Hereditary Leiomyomatosis and Renal Cell Carcinoma
National Organization for Rare Disorders, Inc.
It is possible that the main title of the report Hereditary Leiomyomatosis and Renal Cell Carcinoma is not the name you expected. Please check the synonyms listing to find the alternate name(s) and disorder subdivision(s) covered by this report.
Hereditary leiomyomatosis and renal cell carcinoma, also known as HLRCC, is a rare genetic disorder characterized by smooth muscle growths (leiomyomas) on the skin and uterus and an increased risk of developing kidney (renal) cancer. Skin growths may appear as appear as small, firm bumps (papules) or tiny lumps (nodules) and are not cancerous (benign). Uterine leiomyomas, also known as uterine fibroids, may be numerous and are also benign, but can cause symptoms such as heavy menstrual periods or pelvic pressure or pain. Affected individuals are at an increased risk of developing kidney cancer, particularly a form known as type II papillary renal cell carcinoma. Kidney cancer associated with HLRCC is cancerous (malignant) and can be aggressive and spread (metastasize) to other areas of the body. HLRCC is caused by mutations in the fumarate hydratase (FH) gene and is inherited as an autosomal dominant trait.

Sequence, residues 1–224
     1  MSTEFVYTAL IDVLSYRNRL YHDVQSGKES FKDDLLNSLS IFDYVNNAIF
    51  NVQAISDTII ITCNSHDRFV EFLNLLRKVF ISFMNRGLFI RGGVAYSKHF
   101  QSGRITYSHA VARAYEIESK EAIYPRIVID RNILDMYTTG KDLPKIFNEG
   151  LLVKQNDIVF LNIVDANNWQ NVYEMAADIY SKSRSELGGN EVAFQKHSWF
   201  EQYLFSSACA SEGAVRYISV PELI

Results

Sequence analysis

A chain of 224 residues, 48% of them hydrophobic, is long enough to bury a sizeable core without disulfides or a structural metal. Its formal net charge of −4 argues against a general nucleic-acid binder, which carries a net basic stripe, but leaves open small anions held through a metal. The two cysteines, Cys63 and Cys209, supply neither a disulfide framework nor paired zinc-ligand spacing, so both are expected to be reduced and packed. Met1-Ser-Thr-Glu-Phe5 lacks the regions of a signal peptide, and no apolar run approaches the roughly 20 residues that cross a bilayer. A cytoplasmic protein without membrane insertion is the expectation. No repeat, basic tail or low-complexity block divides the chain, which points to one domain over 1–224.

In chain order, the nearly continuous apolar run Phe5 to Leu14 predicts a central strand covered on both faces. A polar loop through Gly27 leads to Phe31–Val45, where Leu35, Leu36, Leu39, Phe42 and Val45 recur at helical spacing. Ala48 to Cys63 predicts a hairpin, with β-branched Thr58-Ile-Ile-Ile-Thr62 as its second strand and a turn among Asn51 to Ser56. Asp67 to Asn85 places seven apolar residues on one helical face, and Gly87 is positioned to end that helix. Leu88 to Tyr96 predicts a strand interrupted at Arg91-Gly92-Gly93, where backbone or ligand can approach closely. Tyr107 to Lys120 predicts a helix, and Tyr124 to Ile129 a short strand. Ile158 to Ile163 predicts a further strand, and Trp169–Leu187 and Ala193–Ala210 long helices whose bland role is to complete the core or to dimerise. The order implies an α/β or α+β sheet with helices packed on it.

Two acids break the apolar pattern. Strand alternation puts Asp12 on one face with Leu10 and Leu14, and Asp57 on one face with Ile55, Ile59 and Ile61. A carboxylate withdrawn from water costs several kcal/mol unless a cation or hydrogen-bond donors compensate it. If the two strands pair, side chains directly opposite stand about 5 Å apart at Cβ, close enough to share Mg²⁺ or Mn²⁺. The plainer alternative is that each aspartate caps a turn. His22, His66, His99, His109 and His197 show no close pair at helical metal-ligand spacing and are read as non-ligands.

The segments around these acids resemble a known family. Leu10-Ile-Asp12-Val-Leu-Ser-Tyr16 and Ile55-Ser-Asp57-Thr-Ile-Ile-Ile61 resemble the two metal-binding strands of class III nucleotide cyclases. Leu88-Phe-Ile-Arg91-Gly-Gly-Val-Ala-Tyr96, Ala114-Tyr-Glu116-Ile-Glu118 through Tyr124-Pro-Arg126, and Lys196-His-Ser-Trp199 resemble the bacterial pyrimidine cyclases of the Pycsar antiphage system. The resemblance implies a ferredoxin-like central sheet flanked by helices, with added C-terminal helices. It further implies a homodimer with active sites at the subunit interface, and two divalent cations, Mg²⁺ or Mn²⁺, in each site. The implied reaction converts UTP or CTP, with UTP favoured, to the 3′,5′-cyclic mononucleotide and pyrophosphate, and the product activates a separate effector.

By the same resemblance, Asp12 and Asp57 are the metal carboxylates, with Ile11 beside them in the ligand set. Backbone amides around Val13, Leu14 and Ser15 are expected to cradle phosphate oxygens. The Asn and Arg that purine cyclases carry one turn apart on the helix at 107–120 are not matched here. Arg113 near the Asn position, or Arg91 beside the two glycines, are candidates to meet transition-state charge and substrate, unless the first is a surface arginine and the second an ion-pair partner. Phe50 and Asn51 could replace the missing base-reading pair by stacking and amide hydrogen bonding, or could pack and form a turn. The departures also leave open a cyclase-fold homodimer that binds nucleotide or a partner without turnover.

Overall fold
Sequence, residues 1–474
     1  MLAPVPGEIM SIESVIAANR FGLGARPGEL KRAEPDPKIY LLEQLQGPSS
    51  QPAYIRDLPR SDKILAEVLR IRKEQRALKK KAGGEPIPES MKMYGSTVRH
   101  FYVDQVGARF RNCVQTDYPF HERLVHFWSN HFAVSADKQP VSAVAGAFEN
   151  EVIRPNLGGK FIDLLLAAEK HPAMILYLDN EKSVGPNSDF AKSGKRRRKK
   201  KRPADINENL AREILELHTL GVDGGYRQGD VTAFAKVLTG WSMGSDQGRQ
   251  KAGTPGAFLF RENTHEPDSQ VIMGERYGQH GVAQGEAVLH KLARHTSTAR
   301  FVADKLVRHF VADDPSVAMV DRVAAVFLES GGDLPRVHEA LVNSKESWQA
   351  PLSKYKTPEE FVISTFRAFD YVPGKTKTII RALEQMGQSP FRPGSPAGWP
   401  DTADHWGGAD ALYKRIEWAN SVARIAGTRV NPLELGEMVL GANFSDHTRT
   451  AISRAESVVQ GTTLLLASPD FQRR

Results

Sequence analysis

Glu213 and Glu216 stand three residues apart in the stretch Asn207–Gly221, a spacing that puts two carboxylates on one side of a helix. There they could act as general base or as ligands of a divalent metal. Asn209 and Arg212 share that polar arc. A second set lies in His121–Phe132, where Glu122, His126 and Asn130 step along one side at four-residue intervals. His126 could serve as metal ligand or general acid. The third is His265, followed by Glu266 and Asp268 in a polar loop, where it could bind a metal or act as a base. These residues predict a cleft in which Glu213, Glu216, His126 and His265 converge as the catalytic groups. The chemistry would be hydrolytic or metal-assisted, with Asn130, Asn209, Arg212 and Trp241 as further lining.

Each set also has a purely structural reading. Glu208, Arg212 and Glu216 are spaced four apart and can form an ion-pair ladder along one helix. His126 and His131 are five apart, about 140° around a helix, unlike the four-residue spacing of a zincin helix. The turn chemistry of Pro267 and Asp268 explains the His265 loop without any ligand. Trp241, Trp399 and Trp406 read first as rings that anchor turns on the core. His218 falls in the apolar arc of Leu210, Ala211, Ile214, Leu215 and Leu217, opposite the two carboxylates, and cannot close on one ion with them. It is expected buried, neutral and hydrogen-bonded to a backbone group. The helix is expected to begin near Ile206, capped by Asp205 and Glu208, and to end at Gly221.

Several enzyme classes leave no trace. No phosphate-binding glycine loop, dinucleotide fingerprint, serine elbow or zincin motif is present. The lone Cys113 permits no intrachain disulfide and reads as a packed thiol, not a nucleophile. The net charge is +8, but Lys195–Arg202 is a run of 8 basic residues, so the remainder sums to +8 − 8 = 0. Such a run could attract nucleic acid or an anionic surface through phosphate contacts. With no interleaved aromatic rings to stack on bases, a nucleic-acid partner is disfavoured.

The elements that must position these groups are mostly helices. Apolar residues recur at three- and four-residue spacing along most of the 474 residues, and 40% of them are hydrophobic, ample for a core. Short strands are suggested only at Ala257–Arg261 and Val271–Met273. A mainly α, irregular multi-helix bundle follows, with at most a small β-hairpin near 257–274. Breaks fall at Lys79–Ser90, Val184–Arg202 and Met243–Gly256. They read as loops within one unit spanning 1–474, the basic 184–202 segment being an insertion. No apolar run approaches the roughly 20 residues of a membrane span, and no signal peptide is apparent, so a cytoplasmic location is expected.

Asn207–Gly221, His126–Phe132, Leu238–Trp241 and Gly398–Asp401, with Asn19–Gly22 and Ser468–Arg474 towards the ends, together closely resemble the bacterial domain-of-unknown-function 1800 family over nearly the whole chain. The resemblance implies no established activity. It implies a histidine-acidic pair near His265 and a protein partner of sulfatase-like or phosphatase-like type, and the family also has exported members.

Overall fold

HLRCC is classified as a hereditary renal cancer syndrome, a group of disorders characterized by a genetic predisposition to renal cancer along with other symptoms. There are at least 10 identified hereditary renal cancer syndromes including Von-Hippel-Lindau disease, Birt-Hogg-Dube syndrome, and hereditary papillary renal cell carcinoma. The association of leiomyomas and uterine fibroids as a genetic disorder was first described in the medical literature by Dr. Reed in 1973 and subsequently termed multiple cutaneous and uterine leiomyoma (MCUL) or Reed's syndrome. The additional association with renal carcinoma was not established until 2001 (Launonen et al.).
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It is possible that the title of this topic is not the name you selected. Please check the Synonyms listing to find the alternate name(s) and Disorder Subdivision(s) covered by this report
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Last Updated: 12/24/1969
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